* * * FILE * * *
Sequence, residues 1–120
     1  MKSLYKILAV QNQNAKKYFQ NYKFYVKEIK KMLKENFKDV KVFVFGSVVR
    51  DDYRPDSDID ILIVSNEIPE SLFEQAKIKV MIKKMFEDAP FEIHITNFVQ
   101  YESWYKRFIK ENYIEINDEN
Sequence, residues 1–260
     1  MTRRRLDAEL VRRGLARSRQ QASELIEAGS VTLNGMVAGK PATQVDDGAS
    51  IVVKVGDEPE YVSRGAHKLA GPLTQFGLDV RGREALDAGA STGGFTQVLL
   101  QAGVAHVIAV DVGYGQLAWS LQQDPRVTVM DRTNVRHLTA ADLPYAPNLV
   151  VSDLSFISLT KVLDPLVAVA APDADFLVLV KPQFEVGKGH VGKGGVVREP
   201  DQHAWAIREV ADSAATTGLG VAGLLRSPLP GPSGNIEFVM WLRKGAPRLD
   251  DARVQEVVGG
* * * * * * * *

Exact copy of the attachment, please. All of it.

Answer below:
Sequence, residues 1–120
     1  MKSLYKILAV QNQNAKKYFQ NYKFYVKEIK KMLKENFKDV KVFVFGSVVR
    51  DDYRPDSDID ILIVSNEIPE SLFEQAKIKV MIKKMFEDAP FEIHITNFVQ
   101  YESWYKRFIK ENYIEINDEN
Sequence, residues 1–260
     1  MTRRRLDAEL VRRGLARSRQ QASELIEAGS VTLNGMVAGK PATQVDDGAS
    51  IVVKVGDEPE YVSRGAHKLA GPLTQFGLDV RGREALDAGA STGGFTQVLL
   101  QAGVAHVIAV DVGYGQLAWS LQQDPRVTVM DRTNVRHLTA ADLPYAPNLV
   151  VSDLSFISLT KVLDPLVAVA APDADFLVLV KPQFEVGKGH VGKGGVVREP
   201  DQHAWAIREV ADSAATTGLG VAGLLRSPLP GPSGNIEFVM WLRKGAPRLD
   251  DARVQEVVGG